Brazil’s economy is still resisting to come back out of recession. Countries economy is trying to get out from serious, long and tiring economic stagnation. The main reasons of the decadence in Brazil’s economy were distrustful citizens, because of corruption in almost, actually not in almost in every political institution, very low consumer and business confidence, and low investment from the region. According to “Datafolha” poll data released on 2016, 63 percent of respondents throughout the country believed that Brazil’s government was “bad or terrible”, and only 13 percent (in other poll data agencies website’s it is even 6) were thinking that governmental institutions are doing a “good or excellent” work. It looks like that people’s patience have drained out, as in 2011 Brazil’s citizens showed 80 percent of trust in all governmental bodies. Only 4 other South America’s countries have less confidence in their government bodies: Columbia, Peru, Ecuador and Chile.
So what has gone wrong in Brazil? First thing corruption. The impeachment trial against Dilma Rousseff. The opposition indicted that ex Brazil president used the government’s accounts in 2014 when she was in the competition of her re-election. The trust figures that we have is explainable by the corruption scandals in the last decade, which has touched the highest groups of business and politics in the country. The biggest two were: Mensalao and Operation Car Wash.
“Mensalao” corruption scandal is a typical inequality and protectionism example. The wealthy business groups who controls the bigger part of the capital, were trying to pay the members of Congress to vote in crucial meeting, where policies were accepted. The scandal started in 2012, and in 2012 Brazil’s Supreme Courted concluded the Mensalao trial were 25 politicians, bankers and businessmen had been convicted. Some of whom were holding high positions in Worker’s Party. Yes, the same one as Ms. Ex-President Dilma Rousseff.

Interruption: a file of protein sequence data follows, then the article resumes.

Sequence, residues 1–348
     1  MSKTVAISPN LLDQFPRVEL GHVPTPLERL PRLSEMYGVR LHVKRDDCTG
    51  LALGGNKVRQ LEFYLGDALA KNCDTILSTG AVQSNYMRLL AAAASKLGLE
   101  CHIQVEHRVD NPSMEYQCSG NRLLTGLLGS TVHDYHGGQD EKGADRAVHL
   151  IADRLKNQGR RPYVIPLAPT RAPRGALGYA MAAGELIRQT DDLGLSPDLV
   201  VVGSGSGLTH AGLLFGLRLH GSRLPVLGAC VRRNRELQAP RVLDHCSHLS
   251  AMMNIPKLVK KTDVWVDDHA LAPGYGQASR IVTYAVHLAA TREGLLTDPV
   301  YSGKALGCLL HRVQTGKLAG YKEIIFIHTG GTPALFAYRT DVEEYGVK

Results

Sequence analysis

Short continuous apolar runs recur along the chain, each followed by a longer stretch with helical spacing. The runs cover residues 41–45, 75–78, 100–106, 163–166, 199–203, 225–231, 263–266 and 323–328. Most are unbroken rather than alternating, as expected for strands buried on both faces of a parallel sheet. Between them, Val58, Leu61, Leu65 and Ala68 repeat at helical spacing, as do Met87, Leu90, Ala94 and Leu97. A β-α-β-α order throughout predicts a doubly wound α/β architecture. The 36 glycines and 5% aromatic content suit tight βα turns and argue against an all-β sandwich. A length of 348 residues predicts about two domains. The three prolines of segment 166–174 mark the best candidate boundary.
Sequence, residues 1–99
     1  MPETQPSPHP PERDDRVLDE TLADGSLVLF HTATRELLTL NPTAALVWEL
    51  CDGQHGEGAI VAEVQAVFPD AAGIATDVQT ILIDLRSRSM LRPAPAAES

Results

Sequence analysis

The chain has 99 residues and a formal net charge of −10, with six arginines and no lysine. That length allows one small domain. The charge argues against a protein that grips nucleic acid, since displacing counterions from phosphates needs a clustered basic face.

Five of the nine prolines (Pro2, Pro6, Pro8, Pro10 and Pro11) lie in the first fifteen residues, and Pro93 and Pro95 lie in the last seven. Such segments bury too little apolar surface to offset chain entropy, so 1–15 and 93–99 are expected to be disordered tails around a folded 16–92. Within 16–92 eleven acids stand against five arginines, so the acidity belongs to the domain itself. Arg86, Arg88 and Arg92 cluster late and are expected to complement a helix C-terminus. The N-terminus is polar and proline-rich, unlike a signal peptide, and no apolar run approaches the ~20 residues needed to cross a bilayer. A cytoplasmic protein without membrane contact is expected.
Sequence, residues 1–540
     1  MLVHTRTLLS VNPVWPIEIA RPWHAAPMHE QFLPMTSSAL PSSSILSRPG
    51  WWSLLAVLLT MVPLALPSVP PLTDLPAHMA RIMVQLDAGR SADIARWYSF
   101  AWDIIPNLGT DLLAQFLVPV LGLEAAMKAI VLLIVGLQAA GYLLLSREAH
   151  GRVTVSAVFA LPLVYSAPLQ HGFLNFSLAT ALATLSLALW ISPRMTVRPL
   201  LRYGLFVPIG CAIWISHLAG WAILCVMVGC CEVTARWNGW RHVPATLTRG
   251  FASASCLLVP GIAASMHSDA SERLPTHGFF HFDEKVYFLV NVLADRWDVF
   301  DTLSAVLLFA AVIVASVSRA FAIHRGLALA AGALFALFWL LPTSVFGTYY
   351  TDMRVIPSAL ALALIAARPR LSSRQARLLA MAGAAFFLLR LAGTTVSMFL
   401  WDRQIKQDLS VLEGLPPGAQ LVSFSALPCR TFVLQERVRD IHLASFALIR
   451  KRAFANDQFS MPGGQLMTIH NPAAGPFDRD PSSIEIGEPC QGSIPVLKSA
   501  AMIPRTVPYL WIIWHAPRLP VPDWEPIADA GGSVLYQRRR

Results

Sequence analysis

Second biggest scandal called “Operation Car Wash”. Indictments was released in 2014. It had involved biggest state oil company Petrobras. Allegations were leaned on that Petrobras were highly overcharged for building contracts. The overcharged peace of money had been passed to Petrobras executives and politicians who were taking part in the deal. This operation is worth highlighting that last two Brazil’s presidents are involved with this scandal. Ms. Dilma Rousseff was impeached having strong information that she was involved in this scandal.
Corruption scandals in the country had not only triggered big protests in entire country, but as well caused big economic stagnation. In 2015, economy shrank to its worst since 1981, by 3.8 percent. Inflation reached 10.7 percent, highest in 12 years and unemployment increased by 9 percent. The forecasts were disappointing, but it looks like that Brazils is showing recovery signs, as political uncertainty diminishes.
International Monetary Fund and Brazil Central Bank has released data which shows that the larger economic recovery started in the third quarter of 2016. GDP growth from -2.90 percent to 0.50 percent GDP growth. Central Brazil Bank has lowered its interest rates, to support nation’s recovery, but before continuing to Brazil’s economic recovery it would be worth to look into other reason than domestic political issues.
• Countries investments were continuously unstable, which led to decreased competitiveness and difficult financial conditions.